I have to admit, when a good friend of mine suggested Little Women to read recently, I had some reservations. I was unsure about reading a story about women of the 19th century and their lives, while I am living the the 21st century. I thought I wouldn't be able to relate to anything in this book. Oh, was I incorrect! This was the most pertinent book for today as any novel written in the 21st century.
What I gained from this book ...more
I think I enjoyed the second half better than the first, since the first part was a bit repetitive, it sort of was ju ...more
Este libro y yo tenemos una larga historia.
Es el libro favorito de mi mamá, y como tal, ella habría preferido que este fuera mi primera lectura, allá cuando yo tenía nueve o diez años. Por supuesto ya desde chiquita le entré a llevar la contra y mi primer libro fue Harry Potter y el Cáliz de Fuego. A partir de allí, comencé un camino muy diferente al de ella, un camino que no pudimos hacer converger nunca más, porque desde Harry Potter que la fantasía siempre fue una de m ...more
|2015 Reading Chal...: Little Women||1||6||6 hours, 8 min ago|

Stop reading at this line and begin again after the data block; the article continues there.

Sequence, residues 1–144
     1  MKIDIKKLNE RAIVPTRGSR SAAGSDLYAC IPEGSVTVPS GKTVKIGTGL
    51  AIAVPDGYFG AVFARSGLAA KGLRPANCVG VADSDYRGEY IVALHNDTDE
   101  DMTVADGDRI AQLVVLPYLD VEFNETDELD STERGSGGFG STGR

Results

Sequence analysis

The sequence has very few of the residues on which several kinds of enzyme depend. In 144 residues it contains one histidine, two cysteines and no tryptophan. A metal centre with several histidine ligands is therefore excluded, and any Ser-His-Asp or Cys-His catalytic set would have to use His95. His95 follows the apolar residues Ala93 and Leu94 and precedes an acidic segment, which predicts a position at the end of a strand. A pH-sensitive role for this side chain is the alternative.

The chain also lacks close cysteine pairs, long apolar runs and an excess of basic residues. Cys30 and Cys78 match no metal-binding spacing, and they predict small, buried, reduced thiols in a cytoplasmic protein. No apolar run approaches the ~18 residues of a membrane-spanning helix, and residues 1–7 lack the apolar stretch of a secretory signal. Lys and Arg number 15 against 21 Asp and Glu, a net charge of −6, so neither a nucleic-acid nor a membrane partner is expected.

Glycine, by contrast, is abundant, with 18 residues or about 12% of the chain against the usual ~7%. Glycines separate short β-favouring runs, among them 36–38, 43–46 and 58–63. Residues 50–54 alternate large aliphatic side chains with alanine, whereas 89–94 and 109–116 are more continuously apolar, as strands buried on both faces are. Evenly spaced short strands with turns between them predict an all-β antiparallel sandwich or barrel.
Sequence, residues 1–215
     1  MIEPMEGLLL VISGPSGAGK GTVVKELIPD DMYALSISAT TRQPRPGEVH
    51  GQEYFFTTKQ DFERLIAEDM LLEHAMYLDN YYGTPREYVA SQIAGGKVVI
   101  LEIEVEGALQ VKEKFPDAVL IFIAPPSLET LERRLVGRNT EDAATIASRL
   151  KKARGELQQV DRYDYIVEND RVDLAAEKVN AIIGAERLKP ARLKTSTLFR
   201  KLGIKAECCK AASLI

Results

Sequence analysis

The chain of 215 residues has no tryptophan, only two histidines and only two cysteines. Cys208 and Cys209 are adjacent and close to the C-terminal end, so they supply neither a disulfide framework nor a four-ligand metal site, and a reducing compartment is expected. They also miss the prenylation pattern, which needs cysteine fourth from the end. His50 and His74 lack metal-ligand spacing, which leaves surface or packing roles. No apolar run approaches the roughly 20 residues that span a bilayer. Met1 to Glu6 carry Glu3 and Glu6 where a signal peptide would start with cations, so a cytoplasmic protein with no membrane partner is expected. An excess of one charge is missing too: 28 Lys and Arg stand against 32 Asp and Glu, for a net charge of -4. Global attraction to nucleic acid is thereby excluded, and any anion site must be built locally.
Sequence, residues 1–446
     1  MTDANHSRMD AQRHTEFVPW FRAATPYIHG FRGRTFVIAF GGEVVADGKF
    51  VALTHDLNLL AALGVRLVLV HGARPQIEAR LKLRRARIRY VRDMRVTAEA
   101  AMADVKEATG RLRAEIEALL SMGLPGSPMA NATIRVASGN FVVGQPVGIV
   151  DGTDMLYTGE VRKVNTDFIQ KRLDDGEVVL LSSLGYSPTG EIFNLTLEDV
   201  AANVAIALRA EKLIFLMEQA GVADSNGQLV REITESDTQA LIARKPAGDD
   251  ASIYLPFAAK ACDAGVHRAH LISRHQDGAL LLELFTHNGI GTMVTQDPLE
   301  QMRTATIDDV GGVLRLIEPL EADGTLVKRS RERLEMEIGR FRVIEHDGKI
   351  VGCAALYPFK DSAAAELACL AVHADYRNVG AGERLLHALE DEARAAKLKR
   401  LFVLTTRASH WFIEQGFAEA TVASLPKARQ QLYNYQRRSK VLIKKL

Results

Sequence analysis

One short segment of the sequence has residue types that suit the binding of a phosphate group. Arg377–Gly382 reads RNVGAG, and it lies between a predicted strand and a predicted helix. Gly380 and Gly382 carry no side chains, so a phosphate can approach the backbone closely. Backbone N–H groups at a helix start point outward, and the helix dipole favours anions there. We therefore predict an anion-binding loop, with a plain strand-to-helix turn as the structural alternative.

|SOME BOOKS YOU CAN NEVER OUTGROW!!!!||66||305||7 hours, 19 min ago|
|Novel Books &...: Alcott, Louisa May - Little Women - Informal Buddy Read; Start: May 7, 2015||3||143||8 hours, 20 min ago|
|Best movie version?||81||725||May 05, 2015 11:28AM|
|2015 Reading Chal...: Little Women by Louisa May Alcott||4||21||Apr 28, 2015 02:12PM|
|The 2015 Reading ...: YA Group Read (April 2015) - Little Women, by Louisa May Alcott||12||32||Apr 23, 2015 02:34PM|
Behind a Mask, or a Woman's Power (1866)
The Abbot's Ghost, or Maurice Treherne's Temptation (1867)
A Long Fatal Love Chase (1866 – first published 1995)
First published anonymously:
A Modern Mephistopheles (1877)
Louisa May Alcott was born in Germantown, Pennsylvania on November 29, 1832. She and her three sisters, Anna, Elizabeth and May were educated by their father, philosopher/ t ...more